Will lost 54-million-ton asteroid hit Earth in 2024? Nasa responds




The enormous space rock was originally observed by scientists in 2007. But later on, scientists lost sight of it and labeled it a "lost asteroid."

NASA has eliminated the chance of a 54-million-ton asteroid colliding with Earth, nearly two decades after astronomers lost sight of it. According to a research published in November 2023, the "lost asteroid," also known as 2007 FT3, might strike Earth in 2024. The US space agency, however, has denied such allegations.

When does 2007 FT3 come into Earth in 2024?

In reaction to a story by GB News stating that there is a 1 in 11.5 million possibility that 2007 FT3 may strike Earth on October 5, 2024, NASA released a statement. Hence its name, the enormous space rock was discovered by scientists in 2007. But later on, scientists lost sight of it and labeled it a "lost asteroid."

"As of today, there is no known threat posed by asteroids to Earth in the next century. In order to locate, monitor, and classify asteroids and near-Earth objects (NEOs), particularly those that approach Earth, NASA and its partners carefully scan the sky, according to the space agency.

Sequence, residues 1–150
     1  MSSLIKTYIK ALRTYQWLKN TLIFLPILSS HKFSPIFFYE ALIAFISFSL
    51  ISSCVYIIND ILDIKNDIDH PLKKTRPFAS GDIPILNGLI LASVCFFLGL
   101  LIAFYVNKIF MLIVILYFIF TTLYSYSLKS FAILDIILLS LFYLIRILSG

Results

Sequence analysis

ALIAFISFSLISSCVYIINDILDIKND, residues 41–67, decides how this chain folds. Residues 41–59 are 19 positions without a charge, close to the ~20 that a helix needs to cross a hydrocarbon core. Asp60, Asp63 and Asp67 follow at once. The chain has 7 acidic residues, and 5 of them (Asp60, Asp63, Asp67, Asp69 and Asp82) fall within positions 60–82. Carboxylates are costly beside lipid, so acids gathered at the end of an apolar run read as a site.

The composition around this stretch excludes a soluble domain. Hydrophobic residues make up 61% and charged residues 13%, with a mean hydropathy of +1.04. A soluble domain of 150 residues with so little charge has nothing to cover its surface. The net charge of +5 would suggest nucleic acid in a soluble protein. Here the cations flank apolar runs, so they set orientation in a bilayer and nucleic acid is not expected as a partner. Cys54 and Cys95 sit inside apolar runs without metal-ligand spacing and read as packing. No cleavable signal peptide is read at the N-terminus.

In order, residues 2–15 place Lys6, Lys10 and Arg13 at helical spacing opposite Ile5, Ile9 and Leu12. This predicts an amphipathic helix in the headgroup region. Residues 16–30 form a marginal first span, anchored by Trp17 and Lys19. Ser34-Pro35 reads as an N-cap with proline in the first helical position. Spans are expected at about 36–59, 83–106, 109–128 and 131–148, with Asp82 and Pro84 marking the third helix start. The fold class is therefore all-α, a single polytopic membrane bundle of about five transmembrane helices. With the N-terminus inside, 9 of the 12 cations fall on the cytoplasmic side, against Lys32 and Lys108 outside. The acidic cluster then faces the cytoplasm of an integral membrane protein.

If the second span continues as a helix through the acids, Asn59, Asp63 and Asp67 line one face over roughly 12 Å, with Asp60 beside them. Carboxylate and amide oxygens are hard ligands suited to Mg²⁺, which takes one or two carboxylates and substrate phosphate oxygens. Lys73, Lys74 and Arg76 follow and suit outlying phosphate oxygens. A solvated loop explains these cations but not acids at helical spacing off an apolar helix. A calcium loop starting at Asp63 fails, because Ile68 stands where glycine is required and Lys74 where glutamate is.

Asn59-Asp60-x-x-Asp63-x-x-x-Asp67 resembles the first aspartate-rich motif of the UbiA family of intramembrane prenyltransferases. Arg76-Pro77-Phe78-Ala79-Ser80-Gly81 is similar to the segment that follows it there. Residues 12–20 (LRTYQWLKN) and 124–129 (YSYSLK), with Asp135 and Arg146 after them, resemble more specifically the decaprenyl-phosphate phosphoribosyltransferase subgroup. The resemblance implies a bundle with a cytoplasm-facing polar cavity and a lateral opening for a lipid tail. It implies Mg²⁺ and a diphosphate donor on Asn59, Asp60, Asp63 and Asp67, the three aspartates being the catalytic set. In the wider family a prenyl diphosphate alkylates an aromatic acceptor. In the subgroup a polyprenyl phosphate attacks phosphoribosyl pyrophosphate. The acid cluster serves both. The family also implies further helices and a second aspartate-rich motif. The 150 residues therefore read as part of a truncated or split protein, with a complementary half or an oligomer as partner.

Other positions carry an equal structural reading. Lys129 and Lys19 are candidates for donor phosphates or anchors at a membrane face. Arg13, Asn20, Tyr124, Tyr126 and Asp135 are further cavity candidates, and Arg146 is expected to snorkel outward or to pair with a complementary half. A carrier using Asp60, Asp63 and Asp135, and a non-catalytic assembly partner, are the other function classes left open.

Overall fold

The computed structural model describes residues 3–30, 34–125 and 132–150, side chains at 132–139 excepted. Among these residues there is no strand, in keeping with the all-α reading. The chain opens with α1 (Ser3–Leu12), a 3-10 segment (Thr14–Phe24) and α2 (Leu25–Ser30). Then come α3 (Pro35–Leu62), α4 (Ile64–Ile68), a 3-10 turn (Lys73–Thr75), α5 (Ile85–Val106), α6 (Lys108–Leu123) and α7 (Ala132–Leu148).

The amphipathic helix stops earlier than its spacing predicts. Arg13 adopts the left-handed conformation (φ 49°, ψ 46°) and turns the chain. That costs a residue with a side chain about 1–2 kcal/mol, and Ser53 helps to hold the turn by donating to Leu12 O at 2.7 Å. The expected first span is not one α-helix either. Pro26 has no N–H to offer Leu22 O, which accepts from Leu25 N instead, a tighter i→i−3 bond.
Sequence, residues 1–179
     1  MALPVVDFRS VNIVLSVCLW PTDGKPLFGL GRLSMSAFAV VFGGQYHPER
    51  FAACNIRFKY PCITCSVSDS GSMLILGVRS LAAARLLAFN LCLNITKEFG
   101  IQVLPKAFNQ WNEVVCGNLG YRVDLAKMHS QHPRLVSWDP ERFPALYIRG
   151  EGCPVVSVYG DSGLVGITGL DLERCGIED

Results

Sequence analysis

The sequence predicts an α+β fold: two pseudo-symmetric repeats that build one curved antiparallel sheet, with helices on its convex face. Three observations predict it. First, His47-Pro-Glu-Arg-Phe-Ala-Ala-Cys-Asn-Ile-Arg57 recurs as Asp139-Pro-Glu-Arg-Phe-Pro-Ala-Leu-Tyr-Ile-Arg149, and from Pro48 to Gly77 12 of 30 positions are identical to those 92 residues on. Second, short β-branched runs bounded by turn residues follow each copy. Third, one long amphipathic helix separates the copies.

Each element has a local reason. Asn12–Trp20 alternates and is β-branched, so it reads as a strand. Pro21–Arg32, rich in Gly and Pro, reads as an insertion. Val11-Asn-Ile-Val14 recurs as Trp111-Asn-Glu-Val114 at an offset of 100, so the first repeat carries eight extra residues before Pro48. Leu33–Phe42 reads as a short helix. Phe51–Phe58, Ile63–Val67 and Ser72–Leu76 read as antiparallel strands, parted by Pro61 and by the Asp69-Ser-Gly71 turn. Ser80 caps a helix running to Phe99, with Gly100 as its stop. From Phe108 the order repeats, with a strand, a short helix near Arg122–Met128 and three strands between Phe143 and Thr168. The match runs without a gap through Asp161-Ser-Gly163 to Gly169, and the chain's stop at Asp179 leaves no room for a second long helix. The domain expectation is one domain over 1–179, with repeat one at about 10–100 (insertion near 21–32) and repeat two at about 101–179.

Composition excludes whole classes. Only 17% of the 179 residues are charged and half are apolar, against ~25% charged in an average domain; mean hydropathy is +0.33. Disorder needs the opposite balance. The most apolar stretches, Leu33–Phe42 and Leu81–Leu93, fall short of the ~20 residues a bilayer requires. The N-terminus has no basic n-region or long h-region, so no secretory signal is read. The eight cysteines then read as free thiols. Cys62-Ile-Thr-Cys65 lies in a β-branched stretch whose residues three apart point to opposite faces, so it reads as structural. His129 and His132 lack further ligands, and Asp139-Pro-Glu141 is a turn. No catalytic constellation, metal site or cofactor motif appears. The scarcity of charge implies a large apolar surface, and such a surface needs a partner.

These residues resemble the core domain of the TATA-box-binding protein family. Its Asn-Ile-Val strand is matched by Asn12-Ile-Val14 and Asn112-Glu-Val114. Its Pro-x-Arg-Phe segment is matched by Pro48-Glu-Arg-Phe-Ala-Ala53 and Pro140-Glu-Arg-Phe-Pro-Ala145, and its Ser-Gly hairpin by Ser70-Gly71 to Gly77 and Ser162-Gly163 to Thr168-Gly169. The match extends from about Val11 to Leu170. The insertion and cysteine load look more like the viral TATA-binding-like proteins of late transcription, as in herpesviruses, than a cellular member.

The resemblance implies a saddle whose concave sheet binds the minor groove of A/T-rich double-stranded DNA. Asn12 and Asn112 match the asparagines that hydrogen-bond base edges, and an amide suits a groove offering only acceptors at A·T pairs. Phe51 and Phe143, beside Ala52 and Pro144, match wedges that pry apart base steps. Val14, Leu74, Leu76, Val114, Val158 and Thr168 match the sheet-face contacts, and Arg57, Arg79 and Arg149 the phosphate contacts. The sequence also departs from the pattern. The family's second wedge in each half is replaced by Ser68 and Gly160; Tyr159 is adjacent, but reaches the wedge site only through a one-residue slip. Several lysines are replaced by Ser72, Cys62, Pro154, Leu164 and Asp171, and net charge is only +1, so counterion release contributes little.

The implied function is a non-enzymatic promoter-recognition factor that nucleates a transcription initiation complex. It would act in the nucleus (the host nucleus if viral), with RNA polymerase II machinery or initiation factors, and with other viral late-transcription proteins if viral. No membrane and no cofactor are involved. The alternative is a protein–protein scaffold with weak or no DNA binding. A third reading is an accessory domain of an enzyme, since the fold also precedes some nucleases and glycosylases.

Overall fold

It's crucial to remember that asteroid encounters that are 30 million miles or less from Earth's orbit are classified as near approaches by planetary scientists. NASA noted that asteroid orbits around the sun are often well-known and recognized for years or even decades. This is because bigger asteroid bodies are simpler for our planetary defense scientists to locate.

Asteroid dubbed "God of Chaos"

NASA launched a mission to intercept Apophis, also referred to as the "God of Chaos," in December of last year. In 2019, the enormous asteroid, about three times the size of Mount Everest, will pass by Earth, only 20,000 miles from the orbit. In the Northern Hemisphere, Apophis should be seen with the unaided eye because to its close closeness.